Dallas Observer Music Awards

Musician and Radio Host Paul Slavens Looks Back on 25 Years of North Texas Music

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Bobby Jack Pack
As the music editors came and went I actually got to know some of them. They were not superhuman. Talented, nice people, don't get me wrong. But I came to realize that the Observer was just people trying to keep up with what was happening, have an opinion on it and put out a paper every week. It was still a thrill to get nominated, but I had changed too.

By 1992 my band had started to fall on hard times. Deep Ellum was changing, our fans were getting older, and the new fans liked newer bands. Grunge was just beginning to happen and we didn't really fit with the harder, more aggressive music that Denton was producing or the smart pop that was taking over in Dallas. Also, band member changes and domestic life took its toll. Ten Hands stopped showing up on the nominee lists. I tried to tell myself it didn't mean anything. And it probably didn't.

A whole new generation of bands and musicians took over: young, talented and ready. Bands like Sorta flooded the scene with new, virtuosic musicians. Bands like the Paper Chase, The Toadies, Tripping Daisy, Old 97's and Erykah Badu found success beyond what most of the old Deep Ellum bands could muster.

By the time Ten Hands officially broke up, I had moved into doing comedy and voice work. I was writing music that was very different from what I had done with the band. For the next 10 years, I didn't make the list. And I could feel it, I could feel that I needed to do something to transcend the past and be relevant again. Not being on the nominee list didn't tell me that. I knew it in my heart, but not making the list confirmed it.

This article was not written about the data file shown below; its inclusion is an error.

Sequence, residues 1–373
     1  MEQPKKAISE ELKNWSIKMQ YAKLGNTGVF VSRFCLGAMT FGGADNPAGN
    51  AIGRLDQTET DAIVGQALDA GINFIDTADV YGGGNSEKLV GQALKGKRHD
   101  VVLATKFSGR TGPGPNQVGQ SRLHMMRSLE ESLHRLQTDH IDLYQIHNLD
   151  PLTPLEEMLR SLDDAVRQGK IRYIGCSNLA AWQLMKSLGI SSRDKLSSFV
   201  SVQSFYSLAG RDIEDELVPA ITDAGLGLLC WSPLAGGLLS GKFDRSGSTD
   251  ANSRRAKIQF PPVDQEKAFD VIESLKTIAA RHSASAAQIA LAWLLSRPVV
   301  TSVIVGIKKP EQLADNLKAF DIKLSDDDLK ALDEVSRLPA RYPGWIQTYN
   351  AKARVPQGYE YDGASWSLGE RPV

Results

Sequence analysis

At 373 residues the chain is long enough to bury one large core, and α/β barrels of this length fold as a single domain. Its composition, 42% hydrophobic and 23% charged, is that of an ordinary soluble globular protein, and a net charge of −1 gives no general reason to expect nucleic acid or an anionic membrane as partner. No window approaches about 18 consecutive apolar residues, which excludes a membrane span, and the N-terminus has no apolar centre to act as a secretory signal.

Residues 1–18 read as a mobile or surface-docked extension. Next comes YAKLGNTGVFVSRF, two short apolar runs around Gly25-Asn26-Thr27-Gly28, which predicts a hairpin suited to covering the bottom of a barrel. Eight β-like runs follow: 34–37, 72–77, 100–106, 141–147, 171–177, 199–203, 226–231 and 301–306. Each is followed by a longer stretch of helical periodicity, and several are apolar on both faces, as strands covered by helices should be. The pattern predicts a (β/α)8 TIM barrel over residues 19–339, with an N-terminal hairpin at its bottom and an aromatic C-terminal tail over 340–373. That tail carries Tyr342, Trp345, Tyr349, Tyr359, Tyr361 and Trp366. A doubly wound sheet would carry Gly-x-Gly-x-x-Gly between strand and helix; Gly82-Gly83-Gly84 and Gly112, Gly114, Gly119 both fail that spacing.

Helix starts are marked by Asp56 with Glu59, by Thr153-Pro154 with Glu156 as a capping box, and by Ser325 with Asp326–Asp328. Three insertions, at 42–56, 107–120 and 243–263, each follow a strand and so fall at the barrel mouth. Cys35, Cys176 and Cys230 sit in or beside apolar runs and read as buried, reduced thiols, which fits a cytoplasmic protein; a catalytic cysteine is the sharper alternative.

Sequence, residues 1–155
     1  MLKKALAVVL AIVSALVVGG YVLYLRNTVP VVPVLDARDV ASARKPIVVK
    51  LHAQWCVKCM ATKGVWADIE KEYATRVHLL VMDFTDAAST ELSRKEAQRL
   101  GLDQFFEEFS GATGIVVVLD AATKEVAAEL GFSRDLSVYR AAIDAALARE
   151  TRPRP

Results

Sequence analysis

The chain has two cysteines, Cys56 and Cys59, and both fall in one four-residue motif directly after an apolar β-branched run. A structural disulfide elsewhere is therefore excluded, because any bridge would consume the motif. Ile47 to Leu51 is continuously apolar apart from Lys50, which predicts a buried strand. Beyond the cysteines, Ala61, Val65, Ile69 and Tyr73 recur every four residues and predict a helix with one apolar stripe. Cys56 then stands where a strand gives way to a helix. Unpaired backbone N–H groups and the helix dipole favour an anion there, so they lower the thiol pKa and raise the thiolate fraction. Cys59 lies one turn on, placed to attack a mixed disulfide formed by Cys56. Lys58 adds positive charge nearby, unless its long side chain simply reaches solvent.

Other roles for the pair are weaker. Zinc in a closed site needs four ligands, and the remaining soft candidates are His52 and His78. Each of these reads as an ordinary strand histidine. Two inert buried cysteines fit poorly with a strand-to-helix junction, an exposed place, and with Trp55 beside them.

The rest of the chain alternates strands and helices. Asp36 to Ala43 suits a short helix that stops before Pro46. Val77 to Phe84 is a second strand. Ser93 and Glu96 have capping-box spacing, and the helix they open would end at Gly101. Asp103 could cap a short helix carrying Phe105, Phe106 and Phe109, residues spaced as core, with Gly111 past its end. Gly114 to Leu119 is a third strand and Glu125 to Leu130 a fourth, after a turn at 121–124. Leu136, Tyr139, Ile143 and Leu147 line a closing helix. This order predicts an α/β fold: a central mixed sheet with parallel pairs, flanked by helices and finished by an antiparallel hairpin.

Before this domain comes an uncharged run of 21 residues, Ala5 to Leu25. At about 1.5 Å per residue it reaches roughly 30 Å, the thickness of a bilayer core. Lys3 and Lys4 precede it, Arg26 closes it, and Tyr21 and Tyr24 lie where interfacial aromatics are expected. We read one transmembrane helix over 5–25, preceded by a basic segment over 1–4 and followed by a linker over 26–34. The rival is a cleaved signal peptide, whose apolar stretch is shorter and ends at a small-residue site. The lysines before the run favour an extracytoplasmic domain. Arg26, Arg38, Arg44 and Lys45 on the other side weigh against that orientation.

One day my friend Joe Cripps gave me some good advice. He suggested I get involved in other people's projects instead of just working on my own. It sounds simple, but I had never really thought of it. I joined a band, then another and kept on doing it. I met people, felt useful and started reconnecting with the music community.

About the same time, I lucked into a Sunday night slot playing whatever the hell I wanted on KERA-FM 90.1 (Thanks forever to Abby Goldstein). I took the job seriously and drew on my love of the shows Chris Douridas and Liza Richardson used to do on the station back in the old Deep Ellum days. And you know what? I showed up on the nominee lists again. The DOMAs didn't put me back on the radar, but they confirmed that I was there.

I am proud of my show (now on KKXT-FM 91.7) and I work hard to make it great. And it is always a great honor when it is nominated, because it's a category that fits me well. It doesn't always work like that. You can feel a bit embarrassed to be nominated if you get stuck in a category you don't feel you belong in. I was nominated as Best Jazz Act a couple years ago, and to my horror I won. I've got news for you: I'm not the best jazz act in town. I live in Denton, and I'm not even the best jazz player on my block.

The process is imperfect, and sometimes it's laughable and frustrating. But in the end the DOMAs are just trying to celebrate what we have. To give encouragement to new voices, to reassure older artists that they still matter, to say thanks to the people and entities that surround and create and nurture the music scene. That's why, when they handed me my jazz award, I accepted it and tried to be as appreciative as I could be. I was on the radar as a musician again, I made the list.

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Paul Slavens
Contact: Paul Slavens